@NotSuper: But what information that statement gives you is different in the two situations. Think of it this way, perhaps. In situation A, there was a priori only a 50-50 chance that the observer would be able to state that one of the coins is heads. So when he does make that claim, it gives you some more information about the state of the coins. In situation B, the observer has it easier: in 3 out of 4 cases, he'll be able to state that at least one of two coins is heads. When he does, it's not as surprising, and so less informative; you know less about the state of the coins than in A. –  Rahul Dec 24 '10 at 18:58
@NotSuper: This applies only to your original question, not to your edit. –  Rahul Dec 24 '10 at 18:59
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I'm posting this as a separate answer so as to stop bothering Willie with incessant comment notifications. Of course, the other answers that have been posted are completely correct, and I'm only trying to help you reconcile your intuitive reasoning with their results.

In situation A, the information you obtain about the state of the coins is, "The first coin is heads."

In situation B, the information you obtain is, "At least one of the coins is heads."

These are not equivalent; the former is not implied by the latter, because in B you cannot conclude that the first coin is heads. In other words, the observer's statement in conjunction with your knowledge of the observer's strategy enables you to make a stronger conclusion about the coins in situation A.

If you wish, I can clarify (a) how the observer's strategy affects things, as TonyK has also mentioned, and/or (b) why in situation B the probability is 1/3 and not 1/2 as you expect.

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@Rahul Sure I want what you have to say. In my last comment both of us were dealing only with situation A. You aren't disagreeing with my argument there, are you? As for the observer's strategy, I don't believe I've left room for him to have one. So please clarify. As for probability spaces, I was familiar with them before I asked the question -- I just don't agree that they are of much use here, or have been used in a way that doesn't reflect the situations I've posed. For example, in the one-or-two girls problem, some were allowing for boy-boy to be an original possibility -- –  NotSuper Dec 25 '10 at 10:55
whereas I was presenting situations where to begin with there already is one girl. So I visit a family who have two kids. One comes in the living room to meet me. She's a girl. So I'm wondering to myself if the other child is a girl -- and thinking that the probability of the other child being a girl is 1/2. There is no boy-boy. Only girl or boy. Some have set the situation up as examining a random sample of 2-child families. But there is no study. This is a one-off. I just happened to visit this family one day. Examining the gender or number of their kids was not on my mind. –  NotSuper Dec 25 '10 at 10:56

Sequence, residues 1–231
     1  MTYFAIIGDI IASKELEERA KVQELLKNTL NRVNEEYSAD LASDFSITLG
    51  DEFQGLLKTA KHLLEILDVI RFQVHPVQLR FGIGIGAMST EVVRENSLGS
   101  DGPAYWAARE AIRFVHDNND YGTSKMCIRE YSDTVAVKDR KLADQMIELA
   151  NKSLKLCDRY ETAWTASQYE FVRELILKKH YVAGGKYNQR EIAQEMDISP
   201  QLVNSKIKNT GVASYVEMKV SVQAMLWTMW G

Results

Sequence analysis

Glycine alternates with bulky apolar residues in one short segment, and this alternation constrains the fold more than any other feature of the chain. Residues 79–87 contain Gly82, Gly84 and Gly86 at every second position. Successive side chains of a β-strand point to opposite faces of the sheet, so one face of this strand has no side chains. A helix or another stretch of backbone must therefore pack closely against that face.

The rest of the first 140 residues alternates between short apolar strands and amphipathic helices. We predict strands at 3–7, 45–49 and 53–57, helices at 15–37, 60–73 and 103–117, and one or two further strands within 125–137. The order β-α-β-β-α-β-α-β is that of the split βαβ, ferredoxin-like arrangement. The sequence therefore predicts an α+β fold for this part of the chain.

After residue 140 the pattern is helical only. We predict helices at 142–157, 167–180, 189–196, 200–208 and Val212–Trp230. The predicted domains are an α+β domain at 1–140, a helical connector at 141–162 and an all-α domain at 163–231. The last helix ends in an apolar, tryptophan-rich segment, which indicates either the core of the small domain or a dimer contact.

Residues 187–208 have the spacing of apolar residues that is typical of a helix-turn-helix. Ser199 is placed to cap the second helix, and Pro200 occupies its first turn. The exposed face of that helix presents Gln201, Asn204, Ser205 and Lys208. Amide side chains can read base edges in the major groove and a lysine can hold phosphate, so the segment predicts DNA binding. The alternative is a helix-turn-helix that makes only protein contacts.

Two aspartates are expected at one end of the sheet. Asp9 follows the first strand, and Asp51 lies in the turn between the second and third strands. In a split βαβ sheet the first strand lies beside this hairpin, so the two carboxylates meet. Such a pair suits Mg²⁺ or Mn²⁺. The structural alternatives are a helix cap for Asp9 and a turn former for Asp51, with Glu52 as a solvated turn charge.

However, I meet one of their children and wonder about the other one. Similarly with the coins. The situations are given, as I've stated. There IS one heads (this is a given), no matter whether the observer looks at only one (it may be misleading to call this one coin "the first coin") or both. In both A and B he supplies me with information which together with some logical deduction on my part, informs me that there is at least one heads. The observer has no strategy. He simply reports. It doesn't matter whether he looked at both coins or only one before reporting. Your turn. Thanks, Rahul. –  NotSuper Dec 25 '10 at 10:58
@NotSuper: Well, no, in my last comment, I was comparing situations A and B, responding to your proposition that "I receive exactly the same information from the observer in both cases". I was trying to show that your knowledge of the coins is different in situations A and B. Do you disagree with this? –  Rahul Dec 25 '10 at 22:03
@NotSuper: As for the rest of your comments, it seems you are running up against a deeper issue here, namely that when you speak of probabilities, you are implicitly considering a random sample in a space of possibilities! It makes no sense to ask of the probability of a single one-off event in a vacuum. For example, what is the probability is that I have a brother? The question can only make sense if you consider me a random person from a large sample space, and ask instead the probability that a random person from that set has a brother. –  Rahul Dec 25 '10 at 22:10
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A is easy.
In B, if you know in advance that the observer is just going to let you know whether the number of heads is zero or non-zero, then the probablity is 1/3.
If you don't know in advance what the observer is going to reveal, then the probability calculation involves the observer's strategy (what information the observer intends to reveal depending on the number of heads). So you can't calculate the probability. This is at the heart of the Monty Hall problem.

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With my edit I believe I've removed any possible analogy with the Monty Hall problem. How about it? –  NotSuper Dec 24 '10 at 13:20